LAFAYETTE — The state Attorney General’s Office on Friday asked the Louisiana Supreme Court to quickly reverse a ruling by a Lafayette judge that struck down the state’s ban on same-sex marriage.
The ruling this week by 15th Judicial District Judge Edward Rubin “threatens to subvert the orderly administration of Louisiana’s marriage, adoption, tax and vital records laws,” attorneys for the AG’s office wrote in the appeal filings.
The decision, which came in an adoption case filed by two women in Lafayette, has been suspended pending the state’s appeal and will have no immediate impact.
The Louisiana Supreme Court is under no timeline to hear the appeal, and some legal experts have opined that the state’s highest court might hold off ruling on the Lafayette case, considering the U.S. Supreme Court is expected to soon take up the same-sex marriage issue.
“Yet that possibility does not absolve this court from its responsibility to address the trial court’s sweeping decision in an expeditious manner,” wrote attorney Kyle Duncan in the appeal filed Friday. Duncan has been hired by the state AG’s office to handle challenges to the state’s same-sex marriage ban.
Duncan noted that Rubin’s ruling declaring the ban unconstitutional came just three weeks after U.S. District Judge Martin Feldman upheld the ban in a case out of New Orleans.
“Because of these directly conflicting federal and state decisions issued within three weeks of each other, the state officials in this case are now subject to radically inconsistent guidance on the constitutionality of Louisiana’s marriage laws,” Duncan wrote.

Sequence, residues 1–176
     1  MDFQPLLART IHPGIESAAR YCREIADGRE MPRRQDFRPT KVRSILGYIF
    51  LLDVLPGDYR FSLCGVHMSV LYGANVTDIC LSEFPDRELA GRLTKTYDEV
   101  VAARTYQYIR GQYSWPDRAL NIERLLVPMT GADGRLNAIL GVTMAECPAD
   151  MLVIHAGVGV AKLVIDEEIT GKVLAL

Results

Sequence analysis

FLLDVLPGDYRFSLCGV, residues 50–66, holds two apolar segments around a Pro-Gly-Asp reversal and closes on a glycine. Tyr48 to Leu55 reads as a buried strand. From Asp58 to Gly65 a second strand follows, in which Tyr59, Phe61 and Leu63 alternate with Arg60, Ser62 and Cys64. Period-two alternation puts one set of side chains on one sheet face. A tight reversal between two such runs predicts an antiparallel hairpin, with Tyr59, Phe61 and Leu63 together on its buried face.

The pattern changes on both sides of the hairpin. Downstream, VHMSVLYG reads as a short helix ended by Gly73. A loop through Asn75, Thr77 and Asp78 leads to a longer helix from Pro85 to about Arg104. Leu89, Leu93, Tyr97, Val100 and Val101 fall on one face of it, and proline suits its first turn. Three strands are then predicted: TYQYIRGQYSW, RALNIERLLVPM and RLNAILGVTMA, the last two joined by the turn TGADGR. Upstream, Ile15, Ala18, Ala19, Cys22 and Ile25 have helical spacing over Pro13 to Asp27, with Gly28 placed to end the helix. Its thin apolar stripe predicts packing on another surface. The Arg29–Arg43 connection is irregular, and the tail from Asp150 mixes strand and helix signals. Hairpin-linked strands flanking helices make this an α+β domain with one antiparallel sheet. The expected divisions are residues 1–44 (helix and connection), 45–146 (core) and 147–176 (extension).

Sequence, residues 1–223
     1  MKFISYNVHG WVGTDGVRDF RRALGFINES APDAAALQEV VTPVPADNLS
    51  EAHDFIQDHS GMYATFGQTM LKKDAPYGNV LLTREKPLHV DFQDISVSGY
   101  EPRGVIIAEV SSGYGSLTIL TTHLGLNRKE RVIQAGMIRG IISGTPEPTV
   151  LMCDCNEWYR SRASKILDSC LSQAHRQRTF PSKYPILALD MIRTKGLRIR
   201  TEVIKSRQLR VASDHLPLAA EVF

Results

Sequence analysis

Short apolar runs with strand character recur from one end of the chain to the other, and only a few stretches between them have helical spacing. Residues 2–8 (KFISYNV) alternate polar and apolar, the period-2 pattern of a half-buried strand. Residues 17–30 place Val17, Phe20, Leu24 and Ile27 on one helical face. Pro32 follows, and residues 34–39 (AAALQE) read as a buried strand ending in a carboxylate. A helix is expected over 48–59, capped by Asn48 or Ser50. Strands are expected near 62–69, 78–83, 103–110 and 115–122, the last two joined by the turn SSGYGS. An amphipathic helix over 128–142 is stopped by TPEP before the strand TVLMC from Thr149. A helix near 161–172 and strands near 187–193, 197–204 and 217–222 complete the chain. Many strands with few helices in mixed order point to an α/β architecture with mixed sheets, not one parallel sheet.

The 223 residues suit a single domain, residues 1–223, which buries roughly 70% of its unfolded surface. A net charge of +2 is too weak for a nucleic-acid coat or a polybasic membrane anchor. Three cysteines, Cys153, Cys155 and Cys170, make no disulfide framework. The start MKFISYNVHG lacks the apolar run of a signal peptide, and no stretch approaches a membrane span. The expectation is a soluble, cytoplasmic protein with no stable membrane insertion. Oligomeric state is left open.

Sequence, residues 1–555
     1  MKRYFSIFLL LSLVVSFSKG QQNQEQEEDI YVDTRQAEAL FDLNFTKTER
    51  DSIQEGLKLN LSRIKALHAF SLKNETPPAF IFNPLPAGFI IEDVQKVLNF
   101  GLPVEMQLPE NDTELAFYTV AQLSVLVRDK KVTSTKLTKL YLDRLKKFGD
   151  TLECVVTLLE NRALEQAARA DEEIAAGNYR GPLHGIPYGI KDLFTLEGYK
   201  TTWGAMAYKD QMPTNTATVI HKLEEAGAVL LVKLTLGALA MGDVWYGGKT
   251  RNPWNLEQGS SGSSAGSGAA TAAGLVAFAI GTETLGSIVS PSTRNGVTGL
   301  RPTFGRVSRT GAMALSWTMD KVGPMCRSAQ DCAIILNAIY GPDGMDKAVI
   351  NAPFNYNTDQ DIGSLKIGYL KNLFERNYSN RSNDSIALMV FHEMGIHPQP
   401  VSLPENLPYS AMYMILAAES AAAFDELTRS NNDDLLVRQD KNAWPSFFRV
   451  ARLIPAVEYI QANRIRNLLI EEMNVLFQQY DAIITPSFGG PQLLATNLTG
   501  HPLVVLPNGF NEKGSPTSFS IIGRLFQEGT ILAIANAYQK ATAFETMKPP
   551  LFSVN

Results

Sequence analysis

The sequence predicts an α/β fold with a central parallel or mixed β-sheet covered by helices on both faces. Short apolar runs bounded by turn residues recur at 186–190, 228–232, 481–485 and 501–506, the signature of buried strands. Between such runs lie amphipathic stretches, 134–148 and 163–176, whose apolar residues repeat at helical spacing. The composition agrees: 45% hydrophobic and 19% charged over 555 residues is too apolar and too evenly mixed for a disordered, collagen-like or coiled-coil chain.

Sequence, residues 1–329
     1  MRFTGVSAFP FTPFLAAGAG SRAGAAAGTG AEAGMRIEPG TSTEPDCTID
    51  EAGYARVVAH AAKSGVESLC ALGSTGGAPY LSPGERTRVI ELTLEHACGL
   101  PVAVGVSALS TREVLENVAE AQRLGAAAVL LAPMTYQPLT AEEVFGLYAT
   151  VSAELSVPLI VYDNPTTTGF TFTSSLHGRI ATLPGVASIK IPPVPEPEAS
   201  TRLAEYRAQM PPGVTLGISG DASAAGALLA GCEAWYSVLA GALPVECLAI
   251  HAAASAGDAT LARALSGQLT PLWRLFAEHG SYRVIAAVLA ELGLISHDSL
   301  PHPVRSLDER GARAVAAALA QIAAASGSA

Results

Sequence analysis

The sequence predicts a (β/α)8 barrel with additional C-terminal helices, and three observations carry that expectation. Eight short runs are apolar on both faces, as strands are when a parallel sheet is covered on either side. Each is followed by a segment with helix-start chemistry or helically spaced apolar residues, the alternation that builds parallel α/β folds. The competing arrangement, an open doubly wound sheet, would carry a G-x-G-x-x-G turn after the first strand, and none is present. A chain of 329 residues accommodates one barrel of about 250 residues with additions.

The appeal also stated that Rubin’s ruling “is demeaning to the more than 600,000 Louisiana citizens who voted to retain Louisiana’s man-woman definition of marriage in 2004,” referring the election results for the “Defense of Marriage” state constitutional amendment that defines marriage as a union between one man and one woman.
Rubin, who likened same-sex marriage bans to Jim Crow-era laws against interracial couples, made his ruling in an adoption case involving Angela Costanza and Chasity Brewer.
They legally married in California in 2008 and now live in Lafayette.
Costanza sought to be legally recognized as a parent to Brewer’s son, which raised the issue of the validity under Louisiana law of their California marriage license.
Rubin found that Louisiana’s ban on same-sex marriage violated the due process and equal protection clauses of the 14th Amendment and the U.S. Constitution’s “full faith and credit clause,” which calls for each state to recognize the laws and court decisions of other states.
The judge also declared unconstitutional a state Department of Revenue policy that barred same-sex couples from filing joint state tax returns.
Supporters of same-sex marriage have praised the ruling.
“Unlike Judge Feldman’s uninformed and mean-spirited ruling earlier this month that dismissed real Louisiana families, Judge Rubin’s ruling today demonstrates that Feldman doesn’t represent Louisiana values,” Equality Louisiana President Tim S. West said in a written statement when the ruling was issued.